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Creating an Antler Lamp

Creating an Antler Lamp
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There was a time, not so long ago in fact, that people avoided the suburban life and the bright lights of the big city, favoring instead the solitude of the country. It was in the countryside where hardworking farmers were still considered the backbone of America. Even though the modern age of disposable technology has pushed folks to adapt to new challenges and new expectations, they've never forgotten their roots.

There are still those among us who understand the value of a hard days work; that true craftsmanship isn't done by a machine, but by a steady hand; that real art doesn't come with a fancy French name and consist of three paint blotches on a piece of canvas. You might know them as woodworkers, taxidermists, or tanners, but we simply call them artists. And it's time you joined them.

We're going to teach you how to create something beautiful and unique that combines America's rustic beginnings and today's technological advances—an antler lamp.


Finding the Right Antlers

The first step in designing your antler lamp requires you to procure some antlers. For this project, we would suggest using antlers from the common North American white-tailed deer, though the larger antlers of the mule deer, moose, or elk would work if you were so inclined.

It might go without saying, but you should also consider using antlers that aren't already attached to a live deer. Not only would it make the project exponentially more difficult, the deer probably wouldn't appreciate walking around the woods with a light on its head—unless you installed a dimmer switch first.

Our first suggestion would be to use antlers from a buck you may have taken during the season, as you'd be more emotionally attached to the piece, but for those either unwilling or unable to take them off a buck firsthand, don't worry, you're still in luck. Each year during March and April, deer go through an antler shedding process and antlers can be found near fence lines, deer trails and bedding areas. You could also buy some online, but that's just cheating.


Break Out the Tools

Before you get started, prep the antlers by cleaning them thoroughly with oil soap and a clean cloth; then allow them to dry. This will help remove excess dirt and grime while giving them a polished texture. When they are dry, use a small paintbrush to apply light coats of polyurethane to the antlers, allowing the antlers to dry between each application. This will create a protective seal.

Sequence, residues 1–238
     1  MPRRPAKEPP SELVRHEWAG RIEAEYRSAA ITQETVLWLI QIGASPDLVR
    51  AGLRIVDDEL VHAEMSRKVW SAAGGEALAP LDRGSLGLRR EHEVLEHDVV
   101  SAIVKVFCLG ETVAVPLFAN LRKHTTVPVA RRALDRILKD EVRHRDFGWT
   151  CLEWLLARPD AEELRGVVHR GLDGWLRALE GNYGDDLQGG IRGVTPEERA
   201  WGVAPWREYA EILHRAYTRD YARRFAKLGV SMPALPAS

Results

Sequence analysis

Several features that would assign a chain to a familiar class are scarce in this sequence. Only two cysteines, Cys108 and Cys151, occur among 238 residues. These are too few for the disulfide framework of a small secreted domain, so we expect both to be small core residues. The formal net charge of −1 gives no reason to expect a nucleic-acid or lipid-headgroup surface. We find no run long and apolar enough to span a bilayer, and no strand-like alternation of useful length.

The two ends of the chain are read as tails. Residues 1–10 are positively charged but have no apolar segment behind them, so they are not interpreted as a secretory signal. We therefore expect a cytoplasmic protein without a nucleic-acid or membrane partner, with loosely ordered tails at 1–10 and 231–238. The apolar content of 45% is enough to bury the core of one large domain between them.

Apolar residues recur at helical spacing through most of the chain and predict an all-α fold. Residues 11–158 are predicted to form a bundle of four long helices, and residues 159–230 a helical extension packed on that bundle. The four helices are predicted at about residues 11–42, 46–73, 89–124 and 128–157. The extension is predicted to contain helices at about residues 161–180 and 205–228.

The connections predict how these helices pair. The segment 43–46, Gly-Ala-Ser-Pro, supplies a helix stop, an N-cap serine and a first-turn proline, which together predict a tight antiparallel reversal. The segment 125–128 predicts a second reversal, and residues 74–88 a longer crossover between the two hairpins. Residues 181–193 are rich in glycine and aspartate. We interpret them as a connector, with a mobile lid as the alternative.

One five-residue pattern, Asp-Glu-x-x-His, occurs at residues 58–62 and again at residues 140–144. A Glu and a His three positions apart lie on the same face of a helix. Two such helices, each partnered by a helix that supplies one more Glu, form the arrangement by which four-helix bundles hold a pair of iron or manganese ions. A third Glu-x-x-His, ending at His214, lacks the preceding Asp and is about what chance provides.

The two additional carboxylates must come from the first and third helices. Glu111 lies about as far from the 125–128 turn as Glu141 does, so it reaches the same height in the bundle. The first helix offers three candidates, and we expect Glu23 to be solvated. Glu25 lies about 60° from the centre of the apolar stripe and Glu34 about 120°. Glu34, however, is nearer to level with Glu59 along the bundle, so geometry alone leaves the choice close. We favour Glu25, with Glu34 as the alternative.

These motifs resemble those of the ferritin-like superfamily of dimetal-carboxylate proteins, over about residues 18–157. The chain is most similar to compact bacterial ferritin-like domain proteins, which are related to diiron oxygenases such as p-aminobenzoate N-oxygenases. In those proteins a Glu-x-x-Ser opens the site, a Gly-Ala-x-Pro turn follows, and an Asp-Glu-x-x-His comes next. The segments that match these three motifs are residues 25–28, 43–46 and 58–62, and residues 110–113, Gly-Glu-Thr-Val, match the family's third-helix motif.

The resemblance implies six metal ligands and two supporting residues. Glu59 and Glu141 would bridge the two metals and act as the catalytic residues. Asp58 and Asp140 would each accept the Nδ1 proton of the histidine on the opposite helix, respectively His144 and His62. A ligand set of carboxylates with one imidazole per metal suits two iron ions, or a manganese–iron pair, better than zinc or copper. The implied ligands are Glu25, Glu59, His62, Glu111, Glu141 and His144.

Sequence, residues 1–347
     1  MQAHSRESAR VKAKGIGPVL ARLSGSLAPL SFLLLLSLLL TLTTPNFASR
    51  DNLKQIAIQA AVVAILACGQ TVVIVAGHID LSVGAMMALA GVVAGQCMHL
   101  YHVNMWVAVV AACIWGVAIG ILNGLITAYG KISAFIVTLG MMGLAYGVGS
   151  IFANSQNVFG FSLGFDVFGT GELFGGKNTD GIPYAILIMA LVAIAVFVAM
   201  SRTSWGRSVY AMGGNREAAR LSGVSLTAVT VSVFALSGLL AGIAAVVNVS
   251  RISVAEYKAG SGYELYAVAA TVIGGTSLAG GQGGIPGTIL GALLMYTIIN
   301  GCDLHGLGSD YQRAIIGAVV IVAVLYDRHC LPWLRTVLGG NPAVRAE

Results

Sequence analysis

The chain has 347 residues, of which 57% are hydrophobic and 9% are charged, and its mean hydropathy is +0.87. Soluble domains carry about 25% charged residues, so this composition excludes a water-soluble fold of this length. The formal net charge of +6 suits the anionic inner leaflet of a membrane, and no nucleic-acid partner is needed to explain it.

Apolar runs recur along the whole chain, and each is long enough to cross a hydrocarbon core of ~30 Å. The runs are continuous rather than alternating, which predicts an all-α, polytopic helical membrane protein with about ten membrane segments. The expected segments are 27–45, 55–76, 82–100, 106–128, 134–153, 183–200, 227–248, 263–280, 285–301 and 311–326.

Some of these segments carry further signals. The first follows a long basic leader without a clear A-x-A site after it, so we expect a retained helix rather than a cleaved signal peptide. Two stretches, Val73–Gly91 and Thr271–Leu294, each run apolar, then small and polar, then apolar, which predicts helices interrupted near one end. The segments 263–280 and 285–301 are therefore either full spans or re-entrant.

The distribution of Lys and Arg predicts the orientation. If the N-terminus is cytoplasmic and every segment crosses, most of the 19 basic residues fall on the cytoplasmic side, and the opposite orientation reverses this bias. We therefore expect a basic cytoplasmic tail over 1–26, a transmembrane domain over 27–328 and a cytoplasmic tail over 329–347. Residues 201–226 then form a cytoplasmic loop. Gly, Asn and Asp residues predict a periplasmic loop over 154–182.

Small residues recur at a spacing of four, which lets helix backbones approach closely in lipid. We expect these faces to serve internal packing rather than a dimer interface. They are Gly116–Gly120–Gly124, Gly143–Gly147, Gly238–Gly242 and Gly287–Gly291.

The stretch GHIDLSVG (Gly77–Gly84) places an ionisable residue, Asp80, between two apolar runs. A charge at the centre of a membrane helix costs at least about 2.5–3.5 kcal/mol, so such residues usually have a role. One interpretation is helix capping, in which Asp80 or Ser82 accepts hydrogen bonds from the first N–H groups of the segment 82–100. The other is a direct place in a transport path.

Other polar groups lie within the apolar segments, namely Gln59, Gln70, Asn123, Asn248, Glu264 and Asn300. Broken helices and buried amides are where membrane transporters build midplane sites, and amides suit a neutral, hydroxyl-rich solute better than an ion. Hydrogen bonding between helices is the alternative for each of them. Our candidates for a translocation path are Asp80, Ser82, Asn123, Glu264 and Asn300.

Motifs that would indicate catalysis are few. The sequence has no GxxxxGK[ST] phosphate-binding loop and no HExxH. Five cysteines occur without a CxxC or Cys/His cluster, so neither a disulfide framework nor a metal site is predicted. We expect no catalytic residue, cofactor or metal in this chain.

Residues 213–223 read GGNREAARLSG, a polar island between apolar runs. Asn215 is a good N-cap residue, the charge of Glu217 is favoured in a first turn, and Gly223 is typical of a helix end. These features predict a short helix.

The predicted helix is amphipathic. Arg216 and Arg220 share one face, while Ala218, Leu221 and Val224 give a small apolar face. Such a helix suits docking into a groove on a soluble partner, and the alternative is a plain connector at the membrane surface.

Next, use either one or two antlers to create a base that you like. If you plan on only using one antler, you can add stability by using a piece of natural wood. Then, making sure they maintain a natural balance, use a heavy adhesive or screws to combine them.

NOTE: Keep in mind where the light bulb will come out at the top and where the cord will exit at the bottom.

From here, you're going to start drilling through the antler to create a pathway for your cord. Before drilling, make sure you've planned the wire route and selected the right size drill bit for the antler. You won't be able to drill through long curves, so drilling from different angles will help. If you're good with a drill, most of the cord will be hidden inside the antlers. If you're not, well, at least you've having fun, right?

To finish, run the cord through the holes to the top and attach the light fixture using epoxy or small screws. Once dry, simply attach the light bulb, place the lampshade on top, and you're done!

When you finally plug in your new deer antler lamp, stand back and be proud of what you've accomplished. You've kept to your roots, while still embracing the present.

Materials Needed:
  • Deer Antlers
  • Oil Soap
  • Small Paintbrush
  • Polyurethane
  • Drill with bits
  • Lamp Kit
  • Glue/Epoxy
  • Light Bulb
  • Lampshade


For a great selection of idea—or if you would just rather by the lamp than make one—check our Black Forest Decor's selection of antler lamps and sconces.


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